• Glasblokkene, stage II - Haukeland Children's Hospital with Women's Clinic


Glasblokkene is a hospital for children, young people and women in Bergen. The hospital is designed and built in two stages with four building blocks in each. This is a unique project both architecturally and in terms of the design and construction process itself. Glasblokkene II is the first fully digital hospital construction project in the world.
Despite really high quality in architecture, materials and workmanship, the building was completed at a price per square metre that is significantly lower than other Norwegian hospital buildings, and on schedule.

Health Bergen
50000 ㎡
PKA Architects, Rambøll Architecture, Landskap Trondheim, Schønherr Landscape
Programming, 3D-BIM design, ICT, project development, architectural management, blueprintless construction site

Architectural main concept

The main architectural concept for the children's and youth hospital with a women's clinic for pregnant women and women in labour is based on a unique location on a green slope north of the Central Block, the existing part of Haukeland Hospital. The focus has been on breaking down the large building mass to give it a human scale, blending in with the surroundings and giving visitors a sense of what awaits them inside.

The four blocks from phase 1 are located at the top of the slope, while blocks 5-8 are located in front of them, facing the city. See the Glass Blocks I here.

Democratic design and artistic elements

Corner rooms with the best views are used either for communal functions, such as playrooms, dining areas or staff rooms, or for isolation wards, where patients who are unable to move outside the room can enjoy the qualities of a good view from their bed.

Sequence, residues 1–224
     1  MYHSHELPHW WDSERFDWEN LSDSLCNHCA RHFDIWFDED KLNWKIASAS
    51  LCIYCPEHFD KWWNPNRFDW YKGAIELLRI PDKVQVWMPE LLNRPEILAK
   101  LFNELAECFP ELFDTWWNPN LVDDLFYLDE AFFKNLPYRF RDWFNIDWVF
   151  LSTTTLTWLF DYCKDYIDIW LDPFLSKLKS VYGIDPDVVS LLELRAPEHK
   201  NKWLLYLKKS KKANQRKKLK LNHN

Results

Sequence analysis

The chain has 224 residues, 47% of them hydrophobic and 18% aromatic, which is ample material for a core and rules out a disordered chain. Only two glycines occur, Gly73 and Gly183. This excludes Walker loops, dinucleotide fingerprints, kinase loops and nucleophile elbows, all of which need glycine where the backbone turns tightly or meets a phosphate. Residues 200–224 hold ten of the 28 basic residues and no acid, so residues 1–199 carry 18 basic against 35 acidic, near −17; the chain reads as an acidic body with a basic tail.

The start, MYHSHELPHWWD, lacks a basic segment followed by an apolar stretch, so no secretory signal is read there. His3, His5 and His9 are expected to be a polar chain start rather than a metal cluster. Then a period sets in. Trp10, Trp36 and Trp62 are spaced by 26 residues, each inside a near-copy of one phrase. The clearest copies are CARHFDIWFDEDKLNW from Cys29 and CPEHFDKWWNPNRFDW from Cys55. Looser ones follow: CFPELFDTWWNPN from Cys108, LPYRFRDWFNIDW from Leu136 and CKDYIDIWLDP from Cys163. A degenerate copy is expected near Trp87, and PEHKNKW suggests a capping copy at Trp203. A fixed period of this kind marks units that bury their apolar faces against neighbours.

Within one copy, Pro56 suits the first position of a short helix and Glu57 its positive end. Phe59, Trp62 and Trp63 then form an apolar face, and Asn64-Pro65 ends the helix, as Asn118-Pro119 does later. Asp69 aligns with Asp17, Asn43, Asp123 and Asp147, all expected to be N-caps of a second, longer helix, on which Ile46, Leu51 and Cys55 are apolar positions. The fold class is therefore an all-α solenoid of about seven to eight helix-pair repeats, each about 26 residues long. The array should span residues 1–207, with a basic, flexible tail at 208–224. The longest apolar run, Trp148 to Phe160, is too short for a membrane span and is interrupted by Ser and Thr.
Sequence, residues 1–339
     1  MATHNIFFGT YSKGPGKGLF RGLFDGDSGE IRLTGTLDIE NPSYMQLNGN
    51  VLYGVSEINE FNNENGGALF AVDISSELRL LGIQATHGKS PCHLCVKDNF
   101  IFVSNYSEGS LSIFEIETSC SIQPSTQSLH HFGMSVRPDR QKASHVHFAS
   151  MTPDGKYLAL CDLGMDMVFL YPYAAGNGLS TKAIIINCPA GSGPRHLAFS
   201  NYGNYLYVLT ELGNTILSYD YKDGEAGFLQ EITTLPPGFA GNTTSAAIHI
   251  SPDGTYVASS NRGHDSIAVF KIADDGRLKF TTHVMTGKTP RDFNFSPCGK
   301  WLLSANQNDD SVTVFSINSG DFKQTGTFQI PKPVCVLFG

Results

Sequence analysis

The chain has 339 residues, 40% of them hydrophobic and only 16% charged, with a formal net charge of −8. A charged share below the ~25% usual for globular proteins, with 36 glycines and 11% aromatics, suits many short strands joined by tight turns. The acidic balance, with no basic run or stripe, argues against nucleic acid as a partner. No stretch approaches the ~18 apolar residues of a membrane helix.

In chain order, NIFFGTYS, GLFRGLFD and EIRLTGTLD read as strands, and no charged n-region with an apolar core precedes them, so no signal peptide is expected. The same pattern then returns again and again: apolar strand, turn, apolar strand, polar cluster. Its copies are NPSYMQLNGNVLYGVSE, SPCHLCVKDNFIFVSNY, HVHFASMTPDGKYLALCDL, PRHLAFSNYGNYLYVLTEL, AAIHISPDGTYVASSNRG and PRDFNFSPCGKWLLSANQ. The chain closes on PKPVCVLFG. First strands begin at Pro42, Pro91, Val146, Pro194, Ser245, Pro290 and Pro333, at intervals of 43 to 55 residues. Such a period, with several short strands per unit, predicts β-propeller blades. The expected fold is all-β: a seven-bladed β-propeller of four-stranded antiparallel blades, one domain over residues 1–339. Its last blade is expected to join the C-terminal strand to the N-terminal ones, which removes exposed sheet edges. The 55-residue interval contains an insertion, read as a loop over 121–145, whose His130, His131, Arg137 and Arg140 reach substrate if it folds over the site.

Art is integrated both inside and outside in a playful way. Here, one of the walkways has been used for a piece of artwork.
The slats in front of the window section prevent direct views into the neighbouring patient rooms, while preserving the view of the green.

Flow and function

The individual building blocks are connected by walkways and with spaces on the ground floor used for a lounge, auditorium and a multi-purpose assembly staircase. Notice how the use of slate creates a direct connection between the outer space and the interior, which is only separated by glass.

Each block has its own colour - yellow, blue, turquoise and green - to set the mood and support wayfinding.

A playful welcome

Glasblokkene is a children's hospital with a strong emphasis on allowing children to be children - even when they are patients. Spaces have been prioritised where children can unfold physically or relax in a safe and pleasant environment, so that everything is not focused on specific functions for care and treatment. At the main entrance, there is a play area where both hospitalised children and visitors can engage in physical activity. Due to the location and the large glass sections, you are greeted by happy, active children when you arrive at the hospital, giving the place a positive energy from the start.

Healing gardens

It has been proven that views of green spaces, for example, can reduce stress and feelings of pain, reducing the need for medication. Almost all patient rooms and living areas have views of nature, as nature has been brought in between the narrow building volumes. Emphasis has been placed on creating gardens with local vegetation that offers a sensory experience and opportunities for both relaxation and movement, while requiring little maintenance.

Tactile art elements invite you to move around the terrain. One example is large "pearls" of various kinds that are scattered throughout the area and function both as a treasure hunt, where you find the "whole pearl necklace", and as individual works of art.

Wellbeing is paramount

Great emphasis has been placed on creating a children's hospital that meets children at eye level and provides the best conditions for patients, staff and relatives to thrive.

Space has been made for play and togetherness, and custom-designed furniture in warm, natural materials and colourful fixtures have been chosen to make optimal use of the space and minimise the institutional feel. All wards have an extra bed that can be folded down to allow the child's parents or birth partner to stay overnight.


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